(2) The German Neuroblastoma Trial published results on 47 children who progressed or relapsed after treatment with standard chemotherapy.29 Patients received 1–6 courses of131I-mIBG (mean total activity 14.4 GBq). The results showed that 9/47 patients (19%) achieved a complete or very good partial response, and a partial response was seen in a further 13 patients (28%).
(3) The prospective United Kingdom Children’s Cancer Study Group (UKCCSG) phase I/II study, which was a dose finding and toxicity study of 131I-mIBG therapy in stage 4 patients with a poor response to chemotherapy, reported partial responses in 8/24 patients (33%).30
These three studies demonstrate that mIBG has single agent efficacy comparable with that of the chemotherapy drugs presently employed in induction protocols.
Two studies have reported the feasibility of administering the maximum tolerated activity of 131I-mIBG in combination with high dose chemotherapy and stem cell rescue as consolidation treatment. One study used 131I-mIBG (average activity 11.1 GBq) followed by high dose carboplatin and melphalan,31 while the other incorporated total body irradiation and no additive extramedullary toxicities were encountered.32
The dose limiting toxicity of 131I-mIBG when administered after intensive chemotherapy is thrombocytopenia.30 Risk factors for the development of severe thrombocytopenia in this setting include bone marrow infiltration, prior intensive chemotherapy, and renal impairment.33
An important single centre study of mIBG as first line treatment for high risk neuroblastoma was started in Amsterdam in 1991.34 An interim report describes the first 31 children with inoperable neuroblastoma treated with a minimum of two cycles of131I-mIBG (7.4 GBq followed by 3.7 GBq). Thereafter, operability was assessed and, if the primary tumour was deemed unresectable, further fractions of 3.7 GBq of 131I-mIBG were administered. Chemotherapy was reserved for those who failed to become operable after repeated 131I-mIBG treatments (7/31) and for those with residual disease after surgical resection of the primary tumour. Isolated depression of the platelet count was seen in only 11 patients, while two patients developed pancytopenia. Severe thrombocytopenia was not encountered despite extensive bone marrow infiltration in some of these patients. The treatment was extremely well tolerated with virtually no sickness, no hair loss, and a mean weight gain of 9.5% between diagnosis and surgery. Eighty one per cent responded at metastatic sites and 73% responded at the primary site. Only 8/31 had an inadequate response to 131I-mIBG treatment and went onto chemotherapy. At surgery 16/31 had a >95% resection and 3/31 a partial resection of their tumour.35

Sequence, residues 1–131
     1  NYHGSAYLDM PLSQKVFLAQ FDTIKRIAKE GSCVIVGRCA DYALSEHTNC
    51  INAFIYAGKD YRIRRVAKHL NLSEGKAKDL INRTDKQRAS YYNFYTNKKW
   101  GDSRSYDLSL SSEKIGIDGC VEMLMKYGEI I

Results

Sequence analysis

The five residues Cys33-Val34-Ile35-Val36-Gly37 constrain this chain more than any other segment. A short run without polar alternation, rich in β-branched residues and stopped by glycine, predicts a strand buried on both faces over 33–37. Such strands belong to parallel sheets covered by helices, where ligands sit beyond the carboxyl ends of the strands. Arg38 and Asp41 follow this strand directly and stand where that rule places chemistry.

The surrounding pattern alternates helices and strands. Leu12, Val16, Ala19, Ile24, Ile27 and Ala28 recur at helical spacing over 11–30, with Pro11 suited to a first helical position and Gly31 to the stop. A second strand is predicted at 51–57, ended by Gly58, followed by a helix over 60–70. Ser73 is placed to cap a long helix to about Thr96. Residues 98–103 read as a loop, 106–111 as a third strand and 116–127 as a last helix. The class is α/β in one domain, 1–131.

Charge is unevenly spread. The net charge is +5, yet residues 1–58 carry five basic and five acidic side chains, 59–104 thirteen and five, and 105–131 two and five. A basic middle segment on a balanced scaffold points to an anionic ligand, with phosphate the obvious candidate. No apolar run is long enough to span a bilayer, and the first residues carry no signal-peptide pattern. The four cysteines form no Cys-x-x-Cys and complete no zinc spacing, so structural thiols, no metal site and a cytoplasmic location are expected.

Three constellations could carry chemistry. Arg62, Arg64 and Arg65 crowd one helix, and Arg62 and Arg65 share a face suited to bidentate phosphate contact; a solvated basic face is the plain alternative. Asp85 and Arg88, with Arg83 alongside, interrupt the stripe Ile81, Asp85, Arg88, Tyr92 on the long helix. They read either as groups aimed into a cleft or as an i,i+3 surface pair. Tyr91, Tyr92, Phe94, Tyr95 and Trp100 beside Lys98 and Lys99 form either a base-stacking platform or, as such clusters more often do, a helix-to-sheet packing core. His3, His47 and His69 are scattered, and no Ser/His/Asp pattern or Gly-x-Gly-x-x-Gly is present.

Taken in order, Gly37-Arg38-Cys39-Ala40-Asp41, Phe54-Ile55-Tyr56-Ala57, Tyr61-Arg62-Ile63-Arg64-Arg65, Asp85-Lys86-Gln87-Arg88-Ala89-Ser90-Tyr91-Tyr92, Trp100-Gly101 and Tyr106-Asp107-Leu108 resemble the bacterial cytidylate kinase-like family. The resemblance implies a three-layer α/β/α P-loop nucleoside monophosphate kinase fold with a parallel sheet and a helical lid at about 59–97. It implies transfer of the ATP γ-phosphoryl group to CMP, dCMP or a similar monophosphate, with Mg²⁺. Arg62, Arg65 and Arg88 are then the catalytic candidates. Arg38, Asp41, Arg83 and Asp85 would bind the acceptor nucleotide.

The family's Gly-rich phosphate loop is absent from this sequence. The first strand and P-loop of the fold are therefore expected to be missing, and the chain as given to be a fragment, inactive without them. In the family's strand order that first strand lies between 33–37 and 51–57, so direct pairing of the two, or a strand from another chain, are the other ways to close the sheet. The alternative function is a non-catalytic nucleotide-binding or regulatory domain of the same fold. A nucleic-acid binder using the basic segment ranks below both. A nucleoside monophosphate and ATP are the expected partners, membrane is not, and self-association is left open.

The radiobiological considerations predict that the combination of mIBG and chemotherapy administered as initial treatment for neuroblastoma would be the optimum clinical strategy.20 At least in vitro, synergy can be demonstrated between external beam radiation treatment and platinum derivatives.36 Pretreatment with cisplatin might enhance mIBG uptake into neuroblasts.15 The feasibility of treating children with a mIBG/cisplatin combination has been reported in relapsed neuroblastoma,37 but the optimum sequence and dose in newly diagnosed patients has still to be determined.
The UKCCSG is engaged in a multicentre pilot phase I study in poor prognosis newly diagnosed patients. This is essentially a feasibility and dose finding study of mIBG administered as initial treatment five days before the standard OPEC/OJEC chemotherapy protocol. The aim is to perform whole body dosimetry at the time of the diagnostic123I-mIBG scan in order to calculate the activity of131I-mIBG that will deliver the required whole body dose. The logistics of delivering targeted radiotherapy within two weeks of diagnosis in young children, who are systemically ill and need to be nursed in a radiation protected environment with limited parental contact for several days, are considerable but can be surmounted by having the radiation facility within the paediatric oncology ward. The principle is to employ the maximum tolerated dose of131I-mIBG and the haematological and any other toxicity of a starting whole body dose of 1.5 Gy will be determined before dose escalation. The aim is to set up a national randomised trial in stage 4 neuroblastoma, possibly in collaboration with other European groups, to compare the remission rate induced by the current most effective chemotherapy with that of combined treatment.
Although it is more than 10 years since mIBG was first used to treat neuroblastoma, there is still some way to go before the therapy is optimised. There is considerable potential for this modality to improve the results of treatment of advanced stage neuroblastoma, but it is too soon to know which of the new strategies employing mIBG will be the most effective in achieving sustained remissions. It is clear that the short term toxicity is considerably less than that of current chemotherapy regimens, but there is a need to be vigilant for the possible long term toxicities of 131I-mIBG treatment and, although there are few long term survivors to date, there is already one report of late thyroid dysfunction.38 There is also a theoretical risk of radiation damage to the bladder wall, radiation induced secondary malignancy, and adrenal insufficiency consequent to high dose targeted radioiodine treatment.